Kofi Annan admits failure in Syria plan
DAMASCUS / TOKYO
Members of the Free Syrian Army, armed rebels, are seen with damaged tanks near Idlib. Almost 100 people have been killed across Syria over the weekend. REUTERS photoInternational envoy Kofi Annan has acknowledged the failure so far of his mission to bring peace to Syria and is expected to visit Damascus today, for discussions with the Syrian leadership on the subject of his plan.
In comments published by French newspaper Le Monde, Annan said: “Evidently, we have not succeeded. And maybe there is no guarantee that we will succeed.” Annan also stressed that Russia and Iran must not be sidelined from the peace efforts. “Russia wields influence but I am not sure that the events will be determined by Russia alone... Iran is an actor. It has to be part of the solution. It has influence and we cannot ignore it,” Agence France-Presse quoted Annan as saying.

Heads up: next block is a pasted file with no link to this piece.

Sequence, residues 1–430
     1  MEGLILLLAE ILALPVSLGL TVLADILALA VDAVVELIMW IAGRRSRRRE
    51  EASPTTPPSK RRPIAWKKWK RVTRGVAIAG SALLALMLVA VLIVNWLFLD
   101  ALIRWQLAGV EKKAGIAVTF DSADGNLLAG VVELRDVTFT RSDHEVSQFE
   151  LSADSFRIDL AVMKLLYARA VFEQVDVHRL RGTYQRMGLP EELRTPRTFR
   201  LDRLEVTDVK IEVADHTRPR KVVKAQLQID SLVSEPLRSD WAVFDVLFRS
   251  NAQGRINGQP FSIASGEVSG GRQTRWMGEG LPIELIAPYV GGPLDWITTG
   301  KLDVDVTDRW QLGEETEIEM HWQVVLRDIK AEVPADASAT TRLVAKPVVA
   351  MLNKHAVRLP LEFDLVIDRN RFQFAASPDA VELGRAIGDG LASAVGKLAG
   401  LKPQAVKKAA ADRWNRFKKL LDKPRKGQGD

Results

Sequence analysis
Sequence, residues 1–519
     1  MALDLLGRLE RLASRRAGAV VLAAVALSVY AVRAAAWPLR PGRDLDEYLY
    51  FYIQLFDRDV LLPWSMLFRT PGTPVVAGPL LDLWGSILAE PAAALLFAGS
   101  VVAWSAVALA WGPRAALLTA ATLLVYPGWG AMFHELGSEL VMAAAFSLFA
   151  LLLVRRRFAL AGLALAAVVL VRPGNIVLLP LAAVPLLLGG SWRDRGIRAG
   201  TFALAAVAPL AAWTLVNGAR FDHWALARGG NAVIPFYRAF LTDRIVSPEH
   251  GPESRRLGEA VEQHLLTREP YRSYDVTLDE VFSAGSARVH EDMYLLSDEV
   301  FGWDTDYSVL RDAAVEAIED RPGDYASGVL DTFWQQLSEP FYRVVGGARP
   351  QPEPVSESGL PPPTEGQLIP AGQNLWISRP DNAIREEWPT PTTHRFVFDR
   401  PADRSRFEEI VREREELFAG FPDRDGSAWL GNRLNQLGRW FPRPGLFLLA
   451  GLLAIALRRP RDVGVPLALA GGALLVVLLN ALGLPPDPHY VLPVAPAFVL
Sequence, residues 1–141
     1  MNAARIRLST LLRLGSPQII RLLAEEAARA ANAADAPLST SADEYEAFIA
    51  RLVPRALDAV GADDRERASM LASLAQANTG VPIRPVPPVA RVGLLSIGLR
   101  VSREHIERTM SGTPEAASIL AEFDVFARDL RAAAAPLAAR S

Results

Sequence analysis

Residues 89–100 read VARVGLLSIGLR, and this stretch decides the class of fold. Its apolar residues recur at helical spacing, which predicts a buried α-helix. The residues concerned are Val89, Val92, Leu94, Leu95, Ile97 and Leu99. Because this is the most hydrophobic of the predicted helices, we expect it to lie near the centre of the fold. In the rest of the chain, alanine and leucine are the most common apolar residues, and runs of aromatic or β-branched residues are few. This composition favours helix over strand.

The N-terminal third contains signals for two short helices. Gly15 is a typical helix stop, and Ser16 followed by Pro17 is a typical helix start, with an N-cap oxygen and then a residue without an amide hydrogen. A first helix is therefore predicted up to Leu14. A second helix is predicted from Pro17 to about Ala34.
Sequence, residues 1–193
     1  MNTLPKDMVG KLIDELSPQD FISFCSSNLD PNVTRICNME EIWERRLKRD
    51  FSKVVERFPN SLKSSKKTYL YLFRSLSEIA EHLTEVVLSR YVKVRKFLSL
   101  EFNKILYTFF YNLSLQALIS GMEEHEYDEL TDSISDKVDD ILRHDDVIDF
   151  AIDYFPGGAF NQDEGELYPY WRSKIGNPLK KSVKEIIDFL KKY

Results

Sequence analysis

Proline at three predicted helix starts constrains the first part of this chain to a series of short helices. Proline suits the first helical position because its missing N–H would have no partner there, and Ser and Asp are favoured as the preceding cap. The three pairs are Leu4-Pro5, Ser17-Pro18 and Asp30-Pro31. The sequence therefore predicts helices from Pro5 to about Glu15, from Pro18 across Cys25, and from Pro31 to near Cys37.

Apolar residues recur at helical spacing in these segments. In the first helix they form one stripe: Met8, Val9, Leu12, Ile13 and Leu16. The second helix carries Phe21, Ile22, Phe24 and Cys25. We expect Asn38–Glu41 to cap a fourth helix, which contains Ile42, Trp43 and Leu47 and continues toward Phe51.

The Annan plan, which insists on a cessation of violence by all sides, has made little headway, as activists reported that at least 35 people were killed yesterday across the country, in addition to 60 others killed in violence on July 7.
Time is running out on Syrian peace hopes: Clinton
Annan’s statement was followed by the U.S. Secretary of State Hillary Clinton’s remarks, in which she said that time was running out on Syrian peace hopes. Clinton also warned that the country needs to start a political transition to save the country from a “catastrophic assault.” Speaking in Japan, Clinton said Annan’s acknowledgement that his peace plan was failing “should be a wake-up call for everyone.”
“It should be abundantly clear to those who support the al-Assad regime their days are numbered,” Clinton told reporters in Tokyo. “What Kofi Annan said should be a wake-up call to everyone because he acknowledged that there has not been movement by the Syrian regime in accordance with the six-point plan,” Clinton said.